My Salute to Women Overcoming Challenges – by Soumaya Khalifa

Resilience, Determination, Support and Hard Work

This Women’s History Month I am thankful for the many women who paved the way for me. These amazing women include my mother, sister, daughter, mentors, friends, colleagues, managers and too many others to list.  With these women as guides and companions, my path has been smooth yet challenging, steady yet adventurous.  For all of those women, I am deeply grateful.

I know a beautiful five year-old named Samira.  At birth, she was diagnosed with a rare genetic mutation that doctors thought would keep her from seeing, speaking, walking, running and living her life like any typical child.  Of course, her family was devastated: they wanted only the best for their newborn daughter.  Samira’s mother, however, immediately jumped into action.  She sought doctors who specialized in Samira’s condition and found the physical, occupational, speech and other therapies that she needed to thrive.  Samira’s mom fought the doctors, therapists and insurance companies to make sure her daughter received the best treatments and support.

Like her mother, Samira is a very determined person and believes in her own power.  She is tough and resilient; even as a toddler, she refused to let anything stop her.  Thanks to her therapists and unrelenting mother, Samira’s speech and development have made significant progress.  She is attending a school that meets her needs and helps her grow.  Samira loves to learn, continues to exceed the original expectations and will reach her full potential.  The little girl who was not expected to walk now runs and dances.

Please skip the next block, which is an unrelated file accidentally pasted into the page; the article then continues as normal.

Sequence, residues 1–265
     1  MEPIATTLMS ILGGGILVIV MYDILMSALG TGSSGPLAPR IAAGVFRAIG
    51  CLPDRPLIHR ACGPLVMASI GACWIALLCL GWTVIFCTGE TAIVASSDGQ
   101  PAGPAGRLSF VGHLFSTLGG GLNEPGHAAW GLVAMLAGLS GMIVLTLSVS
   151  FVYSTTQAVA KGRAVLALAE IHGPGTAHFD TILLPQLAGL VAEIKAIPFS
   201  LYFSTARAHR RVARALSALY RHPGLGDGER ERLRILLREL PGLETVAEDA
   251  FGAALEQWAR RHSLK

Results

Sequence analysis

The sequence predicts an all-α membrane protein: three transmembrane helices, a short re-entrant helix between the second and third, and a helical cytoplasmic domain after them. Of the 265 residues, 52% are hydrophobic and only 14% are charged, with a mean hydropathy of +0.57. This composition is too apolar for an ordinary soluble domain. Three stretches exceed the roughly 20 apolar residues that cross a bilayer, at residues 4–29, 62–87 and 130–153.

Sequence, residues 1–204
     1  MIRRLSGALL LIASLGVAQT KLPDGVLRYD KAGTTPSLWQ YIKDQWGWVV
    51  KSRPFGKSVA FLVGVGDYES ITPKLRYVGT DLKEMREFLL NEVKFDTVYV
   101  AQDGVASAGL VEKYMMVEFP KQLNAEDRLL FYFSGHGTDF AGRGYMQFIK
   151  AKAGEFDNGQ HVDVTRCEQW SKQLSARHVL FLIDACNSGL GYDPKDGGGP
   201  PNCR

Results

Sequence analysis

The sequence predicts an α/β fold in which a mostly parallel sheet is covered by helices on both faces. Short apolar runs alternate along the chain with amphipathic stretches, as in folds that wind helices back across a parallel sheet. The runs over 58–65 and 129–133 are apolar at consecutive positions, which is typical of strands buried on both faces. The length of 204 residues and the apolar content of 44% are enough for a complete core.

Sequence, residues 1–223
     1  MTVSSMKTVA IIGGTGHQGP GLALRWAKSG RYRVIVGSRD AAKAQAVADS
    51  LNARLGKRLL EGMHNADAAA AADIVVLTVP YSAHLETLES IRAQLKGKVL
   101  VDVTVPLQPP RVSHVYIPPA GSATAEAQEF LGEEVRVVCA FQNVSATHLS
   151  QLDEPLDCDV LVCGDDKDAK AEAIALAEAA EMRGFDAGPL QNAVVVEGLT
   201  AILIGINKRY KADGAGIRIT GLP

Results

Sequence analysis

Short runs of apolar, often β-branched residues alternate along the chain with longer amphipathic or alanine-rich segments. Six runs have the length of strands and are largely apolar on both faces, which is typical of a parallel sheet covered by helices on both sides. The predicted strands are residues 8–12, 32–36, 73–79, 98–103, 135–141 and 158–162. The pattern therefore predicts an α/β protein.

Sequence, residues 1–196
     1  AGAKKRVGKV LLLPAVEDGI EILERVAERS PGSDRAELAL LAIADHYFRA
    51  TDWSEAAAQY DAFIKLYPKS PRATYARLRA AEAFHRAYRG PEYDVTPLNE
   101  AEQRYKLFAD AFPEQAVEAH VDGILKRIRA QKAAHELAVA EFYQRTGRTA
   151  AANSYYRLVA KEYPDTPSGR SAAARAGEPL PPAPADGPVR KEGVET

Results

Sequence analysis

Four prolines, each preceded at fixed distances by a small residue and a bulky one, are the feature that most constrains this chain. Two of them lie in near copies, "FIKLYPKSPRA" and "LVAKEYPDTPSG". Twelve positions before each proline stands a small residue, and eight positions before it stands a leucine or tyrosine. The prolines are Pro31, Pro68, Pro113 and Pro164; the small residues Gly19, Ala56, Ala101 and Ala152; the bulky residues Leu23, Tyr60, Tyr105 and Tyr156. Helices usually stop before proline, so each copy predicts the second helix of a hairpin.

Samira’s story has so many parallels to the challenges that women face in the workforce.  Too often, we have to confront the low expectations set by outdated societal norms.  Like Samira’s mother, we have to look beyond our immediate circle to find the resources and support we need to succeed in overcoming challenges.  When things don’t go the way we hoped, we’ve learned not to despair and that “no” might not be the final answer.

None of this is to say that being a woman in the workforce is like living with special abilities like Samira. Each experience is unique, with its own blessings and curses.  We can, however, emulate the spirit and determination that many people like Samira and her mother have.

My own experiences have shown me finding the strength to persevere isn’t always that easy.  Sometimes, due to the necessary expediency of completing tasks and cooperating with colleagues, I made the choice to put aside my ideas.  As an executive coach, I work with women to recognize those deciding moments, to understand the consequences, to make the choice and to own the power of choosing. Through individual coaching and Diversity Equity & Inclusion consulting with corporations, I work with clients to uncover their motivations, and to act and react to each situation with clear intentions. I have learned – sometimes the hard way – that the more intentional we are in our thoughts, words and actions, the more profound our impact will be.

Throughout our careers, we discover our own strength and resiliency, looking inward for motivation.  Women don’t have to wait for someone else to be the expert, to give direction or to develop the plan.  Sometimes we want our hard work to speak for itself, but we know that we are our own best advocates, and that we can effectively manage a confrontation if necessary.

I am confident that Samira will run, dance and play her way through a wonderful childhood.  She is a constant reminder that barriers are there for us to overcome, that often we do know better than the experts, and that believing in ourselves gives us the power for overcoming challenges and determine our own futures.


Soumaya Khalifa

Leave a Reply

Your email address will not be published. Required fields are marked *